Author Dr M McCabe
Using the layman’s term “germs” loosely in this blog will include all micro-organisms that can cause disease including bacteria, viruses, parasites and fungi co-inhabiting with us.
When asked about the greatest health risks, most people still mention smoking, climate and environmental pollution, along with an unhealthy or wrong diet, followed by alcohol and unhealthy or contaminated foods and people.
The latest scare and panic in South Africa was the Listeriosis outbreak at the processed meat factory in Limpopo that had to be shut down, with people going into frenzy spreading hair raising stories of how this happened; while institutions presented small informative sessions to educate the public (adults) as to what Listeriosis is and how to prevent yourself from being infected. It boiled down to age old standard hygiene and food preparation practices. This is something we either should have been taught a long time ago or we just do not practice or we tend to ignore what we do not “see.”
Are people aware of where and how they can contract germs and how to prevent and treat possible germ infections. Let’s take the case of a child’s view of “clean”:
“But my hands are clean,” your four-year-old insists, after he sneezes right into them “Look at them- I don’t see any germs on them.”
How do you explain the concept of germs for kids to understand? But not only kids, many adults also do not understand the concept of hygiene or the germ theory of disease and how they make us ill. Should we just focus on the actions behind hygiene – washing your hands, catching your sneeze with your elbow, not sharing utensils or food, avoiding foul still standing water or should we delve deeper into what and how germs go to work to engrain how the world of micro-organisms affect us every day and how they can be detrimental to our health.
According to health experts, giving kids (and adults) explanations behind these basic hygiene practices can go a long way toward helping them become more germ-conscious. For example, in layman’s terms it should be explained clearly and that germs can be described as small “bugs” that live on all things, and that sometimes these bugs can make you sick. That they are so small that they can only be seen with a microscope. While they are not actually insects, they are living organisms that can grow and multiply quickly.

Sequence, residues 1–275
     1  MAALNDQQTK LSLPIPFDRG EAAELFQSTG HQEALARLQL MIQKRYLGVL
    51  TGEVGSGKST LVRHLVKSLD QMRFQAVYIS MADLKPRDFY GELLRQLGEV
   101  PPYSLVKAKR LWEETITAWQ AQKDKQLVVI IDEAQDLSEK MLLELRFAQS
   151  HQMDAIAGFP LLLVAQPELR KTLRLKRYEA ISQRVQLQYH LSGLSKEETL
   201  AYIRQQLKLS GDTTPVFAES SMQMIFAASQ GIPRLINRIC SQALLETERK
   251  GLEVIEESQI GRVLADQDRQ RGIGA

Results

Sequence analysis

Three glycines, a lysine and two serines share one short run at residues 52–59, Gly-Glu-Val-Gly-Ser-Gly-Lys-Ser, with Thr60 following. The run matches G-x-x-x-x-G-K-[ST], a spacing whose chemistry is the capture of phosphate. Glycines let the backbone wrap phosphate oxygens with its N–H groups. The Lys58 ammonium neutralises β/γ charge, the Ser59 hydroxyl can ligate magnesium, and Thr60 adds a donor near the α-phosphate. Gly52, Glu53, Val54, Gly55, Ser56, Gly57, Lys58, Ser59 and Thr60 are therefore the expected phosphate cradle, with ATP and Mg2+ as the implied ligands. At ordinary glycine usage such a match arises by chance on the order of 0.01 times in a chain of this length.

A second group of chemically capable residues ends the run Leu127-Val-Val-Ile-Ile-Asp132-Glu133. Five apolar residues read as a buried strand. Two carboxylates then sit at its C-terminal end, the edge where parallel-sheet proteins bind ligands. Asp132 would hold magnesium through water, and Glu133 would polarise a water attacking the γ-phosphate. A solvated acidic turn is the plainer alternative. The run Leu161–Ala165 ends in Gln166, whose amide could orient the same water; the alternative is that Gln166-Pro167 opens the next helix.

It is important to teach even very young children about germs. It is important to explain to kids, as they get older, that some germs are good – for example pro-biotics and some of those living in and on our bodies, and that others are bad, such as cold viruses. When they get even older, you can explain the difference between viruses and bacteria etc. to them, so they understand why antibiotics can help with some illnesses, but not others. And remember this is not only to be taught at school, it must be taught at home by the parents. Point out several examples of ways that your child can avoid becoming sick of germs, such as coughing into her sleeve or washing her hands after blowing her nose.
Personal hygiene begins and ends with our hands. And though we’re taught as youngsters to wash our hands before dinner, it’s important to remember that germs don’t care what time of day it is. Clean hands prevent sickness. So, it’s especially important to learn the basics about hand hygiene so that you, too, can become a champion hand washer!
Keeping hands clean is one of the most important steps we can take to avoid getting sick and spreading germs to others. Many diseases and conditions are spread by not washing hands with soap and clean, running water.
How germs get onto hands and make people sick
Faeces (poop) from people or animals is an important source of germs like Salmonella, E. coli ,and norovirus that cause diarrhoea, and it can spread some respiratory infections like adenovirus and hand-foot-mouth disease. These kinds of germs can get onto hands after people use the toilet or change a diaper, but also in less obvious ways, like after handling raw meats that have invisible amounts of animal poop on them.
A single gram of human faeces—which is about the weight of a paper clip—can contain one trillion germs. Germs can also get onto hands if people touch any object that has germs on it because someone coughed or sneezed on it or was touched by some other contaminated object. When these germs get onto hands and are not washed off, they can be passed from person to person and make people sick (This is why grocery stores have wipes for the trolleys!)
Washing hands prevents illnesses and spread of infections to others
Handwashing with soap removes germs from hands. This helps prevent infections because:
· Reduces the number of people who get sick with diarrhoea by 23-40%
· Reduces diarrheal illness in people with weakened immune systems by 58%
· Reduces respiratory illnesses, like colds, in the general population by 16-21%
· Reduces absenteeism due to gastrointestinal illness in schoolchildren by 29-57%
Not washing hands harms children around the world